Alaska School District Knew Of Sex Abuse, Says Family

June 24, 2014

The family of a student who authorities say wore a hidden microphone to obtain a tutor’s purported sex-abuse confession has sued the school district, saying it failed to protect the boy from the instructor.

The Fairbanks North Star Borough School District should have identified the warning signs, the suit filed Friday claimed. District officials didn’t immediately respond to a message left Saturday on the district’s general line.

The suit seeks at least $200,000 for each incident of abuse, as well as unspecified punitive damages, The Fairbanks Daily News-Miner reported.

The tutor, Claude Fowlkes III, faces seven counts of first-degree sexual abuse of a minor. Calls to Fowlkes’ public defender, Yvette Soutiere, were not immediately returned Saturday.

According to court documents, the accuser wore a hidden microphone that recorded Fowlkes saying he regretted the sexual abuse and did not want it to continue.

abuseIn April, Fowlkes’ aunt offered to serve as a third-party custodian of him until his trial, but a Fairbanks judge denied the request when he learned that 10 children were living at the aunt’s home.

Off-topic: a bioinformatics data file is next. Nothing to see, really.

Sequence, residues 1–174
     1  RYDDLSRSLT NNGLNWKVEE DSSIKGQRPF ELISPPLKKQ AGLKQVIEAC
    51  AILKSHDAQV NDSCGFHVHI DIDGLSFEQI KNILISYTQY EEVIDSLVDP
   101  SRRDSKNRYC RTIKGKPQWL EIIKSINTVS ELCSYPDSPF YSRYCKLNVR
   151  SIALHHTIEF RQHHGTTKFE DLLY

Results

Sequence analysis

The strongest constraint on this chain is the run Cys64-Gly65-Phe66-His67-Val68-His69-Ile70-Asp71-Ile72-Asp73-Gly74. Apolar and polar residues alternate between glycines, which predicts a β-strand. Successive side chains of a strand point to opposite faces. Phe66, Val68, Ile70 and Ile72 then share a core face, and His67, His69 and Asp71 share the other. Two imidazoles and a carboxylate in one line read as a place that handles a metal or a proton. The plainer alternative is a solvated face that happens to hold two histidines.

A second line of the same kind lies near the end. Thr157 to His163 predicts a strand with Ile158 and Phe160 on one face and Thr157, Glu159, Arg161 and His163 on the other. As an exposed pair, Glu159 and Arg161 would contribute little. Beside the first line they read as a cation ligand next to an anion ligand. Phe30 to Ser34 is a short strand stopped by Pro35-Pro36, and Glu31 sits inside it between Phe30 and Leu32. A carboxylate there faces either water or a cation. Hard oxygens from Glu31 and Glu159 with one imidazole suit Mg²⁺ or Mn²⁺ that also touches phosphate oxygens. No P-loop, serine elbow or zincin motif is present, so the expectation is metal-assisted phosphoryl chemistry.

The lawsuit only names the district but says a former superintendent knew the abuse was taking place and failed to act. The family alleges that the district continued to employ Fowlkes after several investigations into complaints that he had inappropriate contact with students.

The family’s attorney, Michael Kramer, said he has no plans to add current or former employees to the suit. The district can add the names of those it believes are responsible, but Kramer said that would be unlikely.

“I chose not to name individuals,” Kramer said. “The district certainly recognizes that it’s responsible for the actions of its employees and particularly its administrators.”

Kramer says the suit will allow him to receive information regarding district actions that has not been released publicly.

“It’s mainly to create an avenue that I can actually access information and put people under oath and get details that so far the public has not been privy to,” Kramer said.

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